[Deep breath, everyone; it's gonna get longer before it gets shorter...;]
Stefan Seefeld wrote:
Example: compilation of extension modules.
Scons is aiming at providing an abstraction layer for portable compilation. DU2 should at least allow to just delegate compilation of extension modules to scons. (and as I said previously, I think anything that doesn't allow to wrap traditional build systems based on 'make' and possibly the autotools is 'not good enough' in as a general solution).
I'm far from expert on build systems (interpreted language weenie), but do think it makes sense for DU to hand off compilation duties to a third-party as quickly as it can. That third-party might be a separate Python-based system, or makefile, or anything else; however DU shouldn't need to know this.
Thoughts on how one would separate extension compilation from the rest of the installation procedure...
Let's say we had a standard 'src' folder to contain everything needed to produce a module's .so file(s), and we treat that folder basically as a self-contained entity. How would we instruct it to compile and deliver those .so files? The party requesting the compile operation should not need to know anything about the compilating system used. Presumably the easiest way to decouple the two is to have a standard 'compile.py' within the 'src' folder that is executed whenever somebody wants .so files created. Whatever code that compile.py file then executes is its own business, and if it needs any information from the OS/Python installation then it's up to it to request that information itself; ideally through existing Python APIs if possible, or through a specific DU API if not.
Once that's done, it should be easy for developers to select their own build system from all those available to them. The Python-based build system that's currently incorporated into DU could, of course, be spun off as a peer to make, etc. - giving developers one more option to choose from without forcing it upon them.
BTW, once .so compilation is decoupled from installation, it should be possible/practical/easy? to defer .so compilation to import time (as is currently done for .pyc files).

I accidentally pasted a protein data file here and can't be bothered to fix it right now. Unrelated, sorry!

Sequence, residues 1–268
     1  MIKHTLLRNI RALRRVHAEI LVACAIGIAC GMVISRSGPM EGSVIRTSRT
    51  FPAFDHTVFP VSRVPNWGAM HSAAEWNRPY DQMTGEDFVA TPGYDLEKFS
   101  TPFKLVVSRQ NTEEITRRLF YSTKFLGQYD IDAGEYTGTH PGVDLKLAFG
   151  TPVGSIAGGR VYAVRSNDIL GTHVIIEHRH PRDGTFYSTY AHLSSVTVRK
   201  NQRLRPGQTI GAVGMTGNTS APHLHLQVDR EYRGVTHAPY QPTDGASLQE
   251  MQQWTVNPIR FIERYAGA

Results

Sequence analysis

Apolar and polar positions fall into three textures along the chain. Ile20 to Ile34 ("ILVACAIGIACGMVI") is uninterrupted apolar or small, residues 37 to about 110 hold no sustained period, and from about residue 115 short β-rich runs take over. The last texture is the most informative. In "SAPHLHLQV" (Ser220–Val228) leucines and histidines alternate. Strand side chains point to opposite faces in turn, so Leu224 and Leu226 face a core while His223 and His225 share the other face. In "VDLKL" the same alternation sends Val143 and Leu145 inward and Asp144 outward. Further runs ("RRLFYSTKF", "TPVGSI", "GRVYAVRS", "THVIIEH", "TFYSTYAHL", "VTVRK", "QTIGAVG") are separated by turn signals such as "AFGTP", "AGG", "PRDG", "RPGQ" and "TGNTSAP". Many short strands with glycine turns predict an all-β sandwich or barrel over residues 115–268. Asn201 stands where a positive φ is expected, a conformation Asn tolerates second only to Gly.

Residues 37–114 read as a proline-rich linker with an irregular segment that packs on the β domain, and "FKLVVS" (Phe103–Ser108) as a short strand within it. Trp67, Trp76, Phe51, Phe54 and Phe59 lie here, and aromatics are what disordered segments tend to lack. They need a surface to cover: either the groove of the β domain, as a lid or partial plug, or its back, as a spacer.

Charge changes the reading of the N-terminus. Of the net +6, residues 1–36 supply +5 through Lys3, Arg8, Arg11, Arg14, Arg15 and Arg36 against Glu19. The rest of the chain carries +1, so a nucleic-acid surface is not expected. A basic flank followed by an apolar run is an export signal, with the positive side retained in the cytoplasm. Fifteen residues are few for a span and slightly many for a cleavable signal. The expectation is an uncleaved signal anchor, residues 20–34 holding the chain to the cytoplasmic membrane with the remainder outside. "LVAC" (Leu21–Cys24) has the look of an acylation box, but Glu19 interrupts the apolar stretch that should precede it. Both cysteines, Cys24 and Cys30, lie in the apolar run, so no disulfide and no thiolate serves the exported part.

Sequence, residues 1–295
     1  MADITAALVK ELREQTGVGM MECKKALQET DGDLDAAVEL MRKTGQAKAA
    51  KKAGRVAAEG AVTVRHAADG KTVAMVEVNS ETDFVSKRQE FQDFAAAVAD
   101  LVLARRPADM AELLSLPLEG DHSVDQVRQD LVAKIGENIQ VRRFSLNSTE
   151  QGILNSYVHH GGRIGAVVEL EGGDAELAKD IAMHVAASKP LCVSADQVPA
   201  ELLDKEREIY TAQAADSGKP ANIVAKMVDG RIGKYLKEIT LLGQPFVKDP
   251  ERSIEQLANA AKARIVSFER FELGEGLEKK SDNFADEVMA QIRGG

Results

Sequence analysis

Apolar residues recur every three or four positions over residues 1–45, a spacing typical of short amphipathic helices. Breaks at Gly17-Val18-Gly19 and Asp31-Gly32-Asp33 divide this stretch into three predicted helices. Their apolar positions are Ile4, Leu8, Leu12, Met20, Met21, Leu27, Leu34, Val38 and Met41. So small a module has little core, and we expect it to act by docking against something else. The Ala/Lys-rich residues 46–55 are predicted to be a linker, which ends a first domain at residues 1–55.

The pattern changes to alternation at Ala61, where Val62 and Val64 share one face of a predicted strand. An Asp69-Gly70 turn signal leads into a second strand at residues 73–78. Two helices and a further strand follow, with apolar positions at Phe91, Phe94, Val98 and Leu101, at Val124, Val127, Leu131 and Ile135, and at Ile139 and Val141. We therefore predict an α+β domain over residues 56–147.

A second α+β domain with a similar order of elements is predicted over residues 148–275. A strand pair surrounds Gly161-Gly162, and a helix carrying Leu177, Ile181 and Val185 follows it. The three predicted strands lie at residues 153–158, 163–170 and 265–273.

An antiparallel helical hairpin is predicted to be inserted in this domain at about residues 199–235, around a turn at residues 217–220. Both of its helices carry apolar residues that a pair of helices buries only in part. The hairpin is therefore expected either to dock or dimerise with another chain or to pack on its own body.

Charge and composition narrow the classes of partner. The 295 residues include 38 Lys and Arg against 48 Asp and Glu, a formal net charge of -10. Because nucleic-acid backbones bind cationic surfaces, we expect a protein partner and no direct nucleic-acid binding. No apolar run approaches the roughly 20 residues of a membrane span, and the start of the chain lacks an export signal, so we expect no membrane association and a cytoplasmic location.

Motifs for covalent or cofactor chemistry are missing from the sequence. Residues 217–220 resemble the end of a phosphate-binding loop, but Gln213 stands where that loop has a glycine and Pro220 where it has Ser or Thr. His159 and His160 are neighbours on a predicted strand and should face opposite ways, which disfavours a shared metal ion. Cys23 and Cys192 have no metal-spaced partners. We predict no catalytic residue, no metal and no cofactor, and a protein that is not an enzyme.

- Every Python module should be distributed, managed and used as a
single folder containing ALL resources relating to that module: sub-modules, extensions, documentation (bundled, generated, etc.), tests, examples, etc. (Note: this can be done without affecting backwards-compatibility, which is important.) Similar idea to OS X's package scheme, where all resources for [e.g.] an application are bundled in a single folder, but less formal (no need to hide package contents from user).
are you really talking about 'package' here when you say 'module' ? I don't think that mandating modules to be self contained is a good idea. Often modules only 'make sense' in the context of the package that contains them. Also, are you talking about how to distribute packages, or about the layout of the installed files ? I don't think DU2 should mandate any particular layout for the target installation. It may well suggest layout of the files inside the (not yet installed) package.
(Like I say, rough notes; please keep pointing out where I'm not making sense.:)
Basically, what I'm proposing is that module developers stop distributing 'naked' Python modules and use package format only (even when there's only a single .py file involved). We then take all the other stuff that's traditionally been bundled alongside the module/package - documentation, unit tests, examples, etc. - and put those into the package folder too.
The term 'package' would basically become redundant; you could just describe everything as 'modules' and 'sub-modules'.